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Why I’m Changing My Career Trajectory (Even If It Doesn’t Work Out)

As we get older, our interests change. It's scary to change jobs, but it's worth the risk.

As we grow and mature, some of us might be lucky enough to have careers that don’t change because we love what we do or where we work, but more often than not, as we grow and change, our careers will change alongside us.

Making changes in your career can be exciting, but it can also be risky, especially when you value the stability of a consistent paycheck.

I am one of those people who fit into the aforementioned category, and yet, I decided to take the risk and change my career trajectory. Here’s why:

I Knew I Was Capable of More

While my previous job, which was a wonderful learning experience in its own right, offered a steady paycheck, I knew that I was capable of more than simply pushing buttons on a cash register and selling food.

The security of my paycheck couldn’t change the fact that, as much as I enjoyed interacting with new people, I wanted to have a bigger impact on the world.

I wanted to help young people. I wanted to travel the world. I wanted to know that I was making a measurable impact in people’s lives, and I knew that although selling people things that made them happy helped people to some extent, just having a steady paycheck (although that was a nice perk), and I knew that selling food and handling a cash register day in and day out would give me skills, but stayed in the safety net of the job, odds were that I would never leave.

It’s necessary to respect your goals and continue to take steps toward them, something that can take many different forms. For me, that meant walking away from stability into the unknown.

I Was Unintentionally Sacrificing My Mental Health 

I am a recovering people-pleaser. Every time my boss called and asked me to fill in, I jumped at the opportunity to earn extra hours. There were weeks where I was working close to or at the maximum amount of hours a part-time employee is allowed to work.

Don’t get me wrong: there were parts of the job that I enjoyed, but when I stepped back and looked, I had so little time to myself. I was filling my days off with errands, rearranging doctors appointments, and I was rarely seeing friends. In other words, my life revolved around my job.

I put the needs of my co-workers and managers before my own, a pattern that made me emotional and self-critical. With hardly any outlets to express that emotion, I expressed that emotion in unhealthy ways. Although I eventually learned how to express my emotions and needs in a healthy way, the demand and stress took a toll.

With any and every job you take, there are going to be things that you’re asked to do that you may not like, but that doesn’t mean that you have to take it to the extreme and ignore your physical and emotional limits like I did.

Working hard is important, but making time for yourself is just as important. You can’t do your best work when you’re not both physically and mentally healthy, and both establishing and respecting your physical and emotional boundaries while you work is absolutely crucial to maintaining balance.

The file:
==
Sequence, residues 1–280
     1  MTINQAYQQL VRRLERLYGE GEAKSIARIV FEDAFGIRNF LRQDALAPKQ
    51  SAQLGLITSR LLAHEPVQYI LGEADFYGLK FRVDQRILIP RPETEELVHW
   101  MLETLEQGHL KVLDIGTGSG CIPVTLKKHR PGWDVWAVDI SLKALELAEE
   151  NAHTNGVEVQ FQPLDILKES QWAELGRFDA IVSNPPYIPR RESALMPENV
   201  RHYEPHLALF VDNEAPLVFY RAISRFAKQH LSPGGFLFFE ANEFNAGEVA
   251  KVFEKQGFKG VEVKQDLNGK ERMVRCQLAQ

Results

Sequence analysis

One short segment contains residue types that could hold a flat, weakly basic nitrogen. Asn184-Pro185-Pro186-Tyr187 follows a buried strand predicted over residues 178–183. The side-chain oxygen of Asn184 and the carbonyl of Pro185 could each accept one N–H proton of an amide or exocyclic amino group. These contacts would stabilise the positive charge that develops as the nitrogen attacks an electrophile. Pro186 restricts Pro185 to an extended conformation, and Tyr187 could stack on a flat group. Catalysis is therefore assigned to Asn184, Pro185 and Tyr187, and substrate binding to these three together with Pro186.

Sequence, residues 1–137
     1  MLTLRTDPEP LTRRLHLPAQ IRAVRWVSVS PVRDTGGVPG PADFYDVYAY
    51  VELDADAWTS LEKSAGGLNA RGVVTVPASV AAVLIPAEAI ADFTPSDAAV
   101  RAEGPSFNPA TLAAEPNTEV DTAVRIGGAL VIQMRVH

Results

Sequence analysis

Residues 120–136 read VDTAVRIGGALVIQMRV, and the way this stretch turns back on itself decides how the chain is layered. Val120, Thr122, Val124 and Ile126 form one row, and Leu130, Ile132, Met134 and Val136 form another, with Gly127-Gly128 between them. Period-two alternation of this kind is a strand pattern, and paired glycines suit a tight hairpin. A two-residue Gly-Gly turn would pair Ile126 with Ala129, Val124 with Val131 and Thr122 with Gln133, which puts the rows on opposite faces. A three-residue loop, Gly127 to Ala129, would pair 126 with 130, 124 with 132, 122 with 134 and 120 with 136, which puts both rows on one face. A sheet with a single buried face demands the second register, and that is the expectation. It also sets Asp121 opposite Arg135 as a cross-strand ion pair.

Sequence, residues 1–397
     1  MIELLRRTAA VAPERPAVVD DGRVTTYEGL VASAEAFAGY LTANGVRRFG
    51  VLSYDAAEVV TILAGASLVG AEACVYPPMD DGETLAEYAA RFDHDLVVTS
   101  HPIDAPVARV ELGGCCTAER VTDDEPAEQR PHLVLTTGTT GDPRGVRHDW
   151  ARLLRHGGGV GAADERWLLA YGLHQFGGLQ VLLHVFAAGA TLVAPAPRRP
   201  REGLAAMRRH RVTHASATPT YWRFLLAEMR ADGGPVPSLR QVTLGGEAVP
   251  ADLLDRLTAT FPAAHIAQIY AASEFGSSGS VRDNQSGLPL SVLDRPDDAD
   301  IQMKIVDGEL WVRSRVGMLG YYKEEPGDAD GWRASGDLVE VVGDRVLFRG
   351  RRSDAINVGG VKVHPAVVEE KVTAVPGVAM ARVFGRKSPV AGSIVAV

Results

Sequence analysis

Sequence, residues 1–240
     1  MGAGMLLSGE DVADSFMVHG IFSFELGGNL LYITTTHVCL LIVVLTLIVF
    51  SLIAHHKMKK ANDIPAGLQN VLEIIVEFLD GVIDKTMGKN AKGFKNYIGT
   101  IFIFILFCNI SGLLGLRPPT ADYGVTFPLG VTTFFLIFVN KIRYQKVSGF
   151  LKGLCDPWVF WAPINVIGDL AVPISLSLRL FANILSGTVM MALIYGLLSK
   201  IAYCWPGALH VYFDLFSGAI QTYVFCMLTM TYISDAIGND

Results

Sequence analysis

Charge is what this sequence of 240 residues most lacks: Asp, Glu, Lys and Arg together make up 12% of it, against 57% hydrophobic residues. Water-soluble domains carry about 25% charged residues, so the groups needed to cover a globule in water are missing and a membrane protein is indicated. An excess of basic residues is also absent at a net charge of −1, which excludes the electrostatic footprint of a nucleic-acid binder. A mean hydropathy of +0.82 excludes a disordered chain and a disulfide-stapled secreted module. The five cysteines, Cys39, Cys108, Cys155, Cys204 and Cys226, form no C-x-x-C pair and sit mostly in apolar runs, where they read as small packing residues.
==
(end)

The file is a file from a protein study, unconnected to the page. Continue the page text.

Every Job Is A Stepping Stone 

I knew that I wanted (and still want) to develop an international career in some capacity, and although my job was helping to some extent, I knew that I couldn’t develop an international career if I stayed where I was selling sweets in a mall, even though the job had helped me to develop many invaluable skills. That was when I started to consider teaching English abroad.

When I initially graduated from college, I was absolutely adamant about teaching English abroad; it seemed like the thing everyone I knew was doing, and I just wasn’t attracted to the idea of teaching my first language to people, but then I stopped and thought about it.

No matter where I chose to go, I would be developing an international network on top of my existing one. I could meet someone who had connections in a field that I was interested in. The more people I met, the wider my network would become. Maybe I would meet a connection to help me jumpstart an international career, or maybe I wouldn’t, but I wouldn’t know unless I tried, and I had to start somewhere.


 

With every job that you take, you learn something new about yourself or develop a new skill (or multiple skills, for that matter). Just because you’re in a specific job now doesn’t mean that you have to stay there forever.

This is not to suggest that you shouldn’t fulfill your responsibilities or quit whenever you want, but each position will help you develop skills to become a stronger candidate for your next position, even if you do start at the bottom of the ladder.

Yes, changing your career can be a risky maneuver, but change is inevitable, not just in your life, but in your career as well. There will also be times when you know that it’s time for a career change despite the fact that according to bystanders, you have no reason to switch careers.

You know yourself better than anyone else. Trust yourself and your instincts and take the leap. You never know what you may find.

About the Author

Alisa Tanaka

Alisa Tanaka graduated with a Communications degree from Lewis & Clark College in 2012. She hopes to develop a career that allows her to make a measurable impact on the world while doing something that she loves. Her interests include psychology, linguistics, and mental health. She can also be found reading, watching documentaries, and writing her blog.

Website: alisatanaka.com/


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